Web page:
ELIZABETHTOWN — The two-year process of rewriting Elizabethtown’s ordinances is drawing to a close, and the Town Council met Monday to look at the final draft of the 188-page document.
“To the best of my knowledge, the ordinance incorporates all the changes the staff, committee, and Planning Board decided to make,” said consultant Dale Holland, adding the process was lengthened from the initial eight meetings to 13 gatherings because of significant input from the Ordinance Committee.
Major revisions include simplified parking standards and a change in the way site plans are approved. Now grouped into major sites and minor sites, the latter — buildings less than 2,000 square feet, those that constitute land disturbance of less than one acre, units with fewer than 10 dwelling units, and parking lot expansions — can now be approved by staff without having to go before the Town Council and Planning Board.
“We see this as a major simplification of the process,” Holland stated.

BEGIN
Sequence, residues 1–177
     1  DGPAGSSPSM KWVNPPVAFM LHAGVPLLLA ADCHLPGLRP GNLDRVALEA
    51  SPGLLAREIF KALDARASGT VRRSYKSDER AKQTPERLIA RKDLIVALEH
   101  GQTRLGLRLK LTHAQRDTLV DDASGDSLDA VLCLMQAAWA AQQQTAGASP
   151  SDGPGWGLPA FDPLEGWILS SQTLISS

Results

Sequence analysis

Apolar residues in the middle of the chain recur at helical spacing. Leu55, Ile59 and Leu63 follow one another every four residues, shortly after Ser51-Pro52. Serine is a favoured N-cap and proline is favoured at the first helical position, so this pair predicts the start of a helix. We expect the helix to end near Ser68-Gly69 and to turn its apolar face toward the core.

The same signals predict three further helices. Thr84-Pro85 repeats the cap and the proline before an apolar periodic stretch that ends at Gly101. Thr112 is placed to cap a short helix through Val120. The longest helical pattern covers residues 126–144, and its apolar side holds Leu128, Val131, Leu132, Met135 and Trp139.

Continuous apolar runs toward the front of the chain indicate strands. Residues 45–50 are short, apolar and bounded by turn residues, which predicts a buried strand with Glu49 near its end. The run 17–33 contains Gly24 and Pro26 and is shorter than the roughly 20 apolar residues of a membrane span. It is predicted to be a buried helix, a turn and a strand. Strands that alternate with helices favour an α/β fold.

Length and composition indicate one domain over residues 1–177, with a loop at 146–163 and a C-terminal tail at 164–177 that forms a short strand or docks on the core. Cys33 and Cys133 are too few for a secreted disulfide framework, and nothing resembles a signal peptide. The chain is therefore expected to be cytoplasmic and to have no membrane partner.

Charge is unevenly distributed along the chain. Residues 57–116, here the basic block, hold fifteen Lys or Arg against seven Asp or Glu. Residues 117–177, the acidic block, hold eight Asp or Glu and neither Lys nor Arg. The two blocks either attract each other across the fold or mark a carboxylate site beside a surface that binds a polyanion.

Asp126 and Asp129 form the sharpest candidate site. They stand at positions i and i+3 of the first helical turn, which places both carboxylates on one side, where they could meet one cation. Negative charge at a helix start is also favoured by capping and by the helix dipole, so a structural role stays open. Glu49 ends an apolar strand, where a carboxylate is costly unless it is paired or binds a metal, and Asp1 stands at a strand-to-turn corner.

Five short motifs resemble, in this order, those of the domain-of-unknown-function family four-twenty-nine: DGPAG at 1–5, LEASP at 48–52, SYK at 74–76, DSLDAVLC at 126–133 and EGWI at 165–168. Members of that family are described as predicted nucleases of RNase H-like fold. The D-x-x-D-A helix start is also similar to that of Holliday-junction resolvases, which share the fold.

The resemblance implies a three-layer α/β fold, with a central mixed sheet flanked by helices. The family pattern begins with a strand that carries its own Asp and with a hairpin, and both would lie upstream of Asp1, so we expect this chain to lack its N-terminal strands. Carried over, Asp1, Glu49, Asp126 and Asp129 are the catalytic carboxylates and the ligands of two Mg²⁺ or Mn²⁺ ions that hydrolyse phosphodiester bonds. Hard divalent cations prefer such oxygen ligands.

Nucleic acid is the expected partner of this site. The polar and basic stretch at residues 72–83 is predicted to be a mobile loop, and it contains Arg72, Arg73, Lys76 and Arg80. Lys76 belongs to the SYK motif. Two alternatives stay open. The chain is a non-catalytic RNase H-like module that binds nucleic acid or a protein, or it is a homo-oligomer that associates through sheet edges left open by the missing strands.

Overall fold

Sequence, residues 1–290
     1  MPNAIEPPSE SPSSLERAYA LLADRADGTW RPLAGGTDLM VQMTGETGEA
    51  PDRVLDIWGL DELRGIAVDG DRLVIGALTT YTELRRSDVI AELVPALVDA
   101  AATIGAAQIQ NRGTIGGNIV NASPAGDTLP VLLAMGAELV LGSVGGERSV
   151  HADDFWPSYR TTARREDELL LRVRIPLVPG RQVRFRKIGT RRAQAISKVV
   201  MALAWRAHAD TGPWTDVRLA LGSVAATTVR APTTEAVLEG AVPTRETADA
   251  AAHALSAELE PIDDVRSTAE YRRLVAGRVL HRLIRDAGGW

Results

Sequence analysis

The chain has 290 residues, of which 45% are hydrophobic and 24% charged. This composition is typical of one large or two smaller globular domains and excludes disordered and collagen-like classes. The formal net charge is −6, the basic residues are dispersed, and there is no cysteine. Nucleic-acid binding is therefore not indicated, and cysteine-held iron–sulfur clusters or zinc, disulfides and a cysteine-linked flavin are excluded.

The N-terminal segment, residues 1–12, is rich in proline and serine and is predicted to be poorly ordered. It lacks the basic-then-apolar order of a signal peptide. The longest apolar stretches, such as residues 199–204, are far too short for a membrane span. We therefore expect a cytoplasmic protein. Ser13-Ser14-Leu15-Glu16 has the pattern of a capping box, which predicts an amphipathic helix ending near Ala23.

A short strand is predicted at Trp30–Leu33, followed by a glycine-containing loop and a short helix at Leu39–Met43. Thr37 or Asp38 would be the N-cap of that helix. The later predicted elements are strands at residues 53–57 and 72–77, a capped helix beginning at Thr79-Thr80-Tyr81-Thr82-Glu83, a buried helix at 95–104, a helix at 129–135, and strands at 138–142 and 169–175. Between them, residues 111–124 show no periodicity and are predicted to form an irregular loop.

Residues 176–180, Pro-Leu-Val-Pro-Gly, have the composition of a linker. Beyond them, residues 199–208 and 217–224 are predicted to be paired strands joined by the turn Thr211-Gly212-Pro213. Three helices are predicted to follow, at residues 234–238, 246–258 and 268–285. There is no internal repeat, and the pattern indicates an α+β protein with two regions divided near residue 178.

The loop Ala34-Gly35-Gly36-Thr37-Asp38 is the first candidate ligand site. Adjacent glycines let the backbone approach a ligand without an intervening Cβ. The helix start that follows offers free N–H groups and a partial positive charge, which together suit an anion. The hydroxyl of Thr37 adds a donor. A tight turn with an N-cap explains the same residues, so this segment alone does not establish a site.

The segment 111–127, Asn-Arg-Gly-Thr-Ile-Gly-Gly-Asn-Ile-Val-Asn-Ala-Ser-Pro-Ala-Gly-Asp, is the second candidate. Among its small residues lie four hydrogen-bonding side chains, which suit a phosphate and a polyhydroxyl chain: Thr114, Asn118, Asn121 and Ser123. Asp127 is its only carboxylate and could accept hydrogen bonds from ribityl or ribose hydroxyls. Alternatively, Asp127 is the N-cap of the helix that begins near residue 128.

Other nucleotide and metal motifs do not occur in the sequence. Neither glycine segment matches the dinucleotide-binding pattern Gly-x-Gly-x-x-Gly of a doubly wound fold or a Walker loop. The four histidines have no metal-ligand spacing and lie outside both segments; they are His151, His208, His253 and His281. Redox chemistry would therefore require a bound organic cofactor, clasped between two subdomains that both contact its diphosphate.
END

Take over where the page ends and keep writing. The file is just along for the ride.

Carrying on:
Graphics have been added so that users can see photos of the ordinance requirements; building facade and landscaping requirements have been updated, as have definitions; and sign regulations — in accordance with a Supreme Court mandate — reflect that the town cannot refer to the message of signs in making a determination about their usage. In addition, a digitized zoning map was incorporated to simplify things for town users.
“I think as a committee we did a good job coming up with the document,” Michael Leinwand told the council.
“It’s a very important document that needed that time spent on it,” Mayor Sylvia Campbell said of the long process.
Because not every council member was present, the board agreed to postpone the vote until October.
In other business, the board:
• Tabled a vote that would allow W.R. Martin to undertake a community-wide assessment for sites that would be eligible for a grant program benefiting communities affected by Hurricane Matthew.
• Approved a bid from Directional Services, Inc. for the Phase II Utility Burial Project. Directional Services came in approximately $138,000 lower than the other two bids received, at $799,864. Final approval rests with the Local Government Commission.
• Amended the inmate labor contract to include the addition of the town of Clarkton, which lowers the overall costs of transportation from the Tabor City Correctional Facility.
Chrysta Carroll can be reached by calling 910-862-4163 or emailing email@example.com